The Jefferson Parish School Board will consider a $457.5 million budget for the 2014-15 fiscal year next month, including plans to give raises to school workers that would put them at or above the pay levels they would have received had the district not gone through a three-year salary freeze.
The raises — largely funded by increases in local revenue and reductions in debt payments and other costs — are one of the most significant changes from this year’s budget, said school system Chief Financial Officer Bob Fulton.
“The emphasis this year was to ensure we had sufficient funds to cover not only what we’re calling the ‘compression increases’ — catch-up salary increases for those people who suffered under our three years of salary freezes — but also to provide a step increase for almost all of our employees,” Fulton said.
The School Board approved the planned raises for teachers and other school employees at a meeting last month.
Essentially, the proposal would make up for three years of missed “step increases,” which reward teachers for years of experience but are capped after a certain number of years. In addition, all employees — including those who have already reached the cap — will be eligible for an additional step increase as long as they are not rated as “ineffective” in their evaluations.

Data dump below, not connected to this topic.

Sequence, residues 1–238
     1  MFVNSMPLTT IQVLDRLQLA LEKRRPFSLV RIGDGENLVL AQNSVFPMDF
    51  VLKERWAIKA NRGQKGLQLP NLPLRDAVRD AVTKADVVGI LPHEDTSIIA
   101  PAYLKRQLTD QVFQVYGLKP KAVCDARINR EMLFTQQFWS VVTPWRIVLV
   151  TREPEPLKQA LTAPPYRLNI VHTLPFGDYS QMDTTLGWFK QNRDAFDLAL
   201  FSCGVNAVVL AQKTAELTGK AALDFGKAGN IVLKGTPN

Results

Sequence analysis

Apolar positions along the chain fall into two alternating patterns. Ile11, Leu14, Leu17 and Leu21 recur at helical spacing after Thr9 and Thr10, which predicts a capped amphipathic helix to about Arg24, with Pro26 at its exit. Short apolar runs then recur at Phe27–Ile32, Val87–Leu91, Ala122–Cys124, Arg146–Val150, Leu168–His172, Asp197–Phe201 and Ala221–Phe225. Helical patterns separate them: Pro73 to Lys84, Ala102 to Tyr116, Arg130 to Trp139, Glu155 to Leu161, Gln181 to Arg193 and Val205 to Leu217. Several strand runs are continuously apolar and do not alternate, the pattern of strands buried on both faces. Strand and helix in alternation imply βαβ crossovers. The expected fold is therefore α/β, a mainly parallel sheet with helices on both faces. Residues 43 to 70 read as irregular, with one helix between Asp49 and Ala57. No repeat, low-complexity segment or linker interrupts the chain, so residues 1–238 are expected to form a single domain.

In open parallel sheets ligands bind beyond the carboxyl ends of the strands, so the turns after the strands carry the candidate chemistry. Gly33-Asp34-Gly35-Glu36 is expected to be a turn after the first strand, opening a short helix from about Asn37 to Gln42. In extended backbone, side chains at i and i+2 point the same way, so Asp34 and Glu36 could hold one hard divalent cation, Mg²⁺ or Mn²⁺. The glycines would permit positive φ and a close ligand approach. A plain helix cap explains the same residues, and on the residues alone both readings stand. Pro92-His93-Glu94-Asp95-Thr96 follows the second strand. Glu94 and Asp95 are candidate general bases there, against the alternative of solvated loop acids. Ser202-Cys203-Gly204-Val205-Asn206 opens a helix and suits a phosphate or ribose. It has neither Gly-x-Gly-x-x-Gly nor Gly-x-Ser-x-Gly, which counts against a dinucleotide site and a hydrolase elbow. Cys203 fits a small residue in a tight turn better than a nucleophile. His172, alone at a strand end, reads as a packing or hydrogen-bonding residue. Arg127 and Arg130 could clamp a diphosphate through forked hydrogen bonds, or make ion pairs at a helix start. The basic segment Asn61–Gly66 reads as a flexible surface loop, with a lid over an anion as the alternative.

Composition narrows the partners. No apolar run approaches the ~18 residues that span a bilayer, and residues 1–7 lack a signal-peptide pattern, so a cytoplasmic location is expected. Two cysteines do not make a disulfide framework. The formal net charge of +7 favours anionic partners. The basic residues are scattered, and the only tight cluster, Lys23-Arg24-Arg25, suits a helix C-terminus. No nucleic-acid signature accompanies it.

For teachers, that step increase means a raise of up to $2,400 a year.
Roughly $343.7 million, or 75 percent, of the budget, will go toward salaries and benefits for the school district’s 6,000 employees. That’s about $12.1 million more than last year, including increases because of the raises and a 5 percent increase in health insurance premiums paid by the district.
Money for the raises comes largely from an increase in sales tax and property tax revenue, due to higher property values and more spending in the parish, Fulton said.
“This budget reflects the district’s continued commitment to directing more resources into the classroom and stabilizing spending so that we can present a balanced budget to the board,” Superintendent James Meza said in a statement. “Thanks to an increase in projected revenue and some decreases in expenses, we were able to budget for across-the-board salary increases for our deserving employees while at the same time absorbing the rising costs of benefits.”
Officials with the Jefferson Federation of Teachers could not be reached for comment Tuesday, but they were involved in the discussions that led to the plan for raises.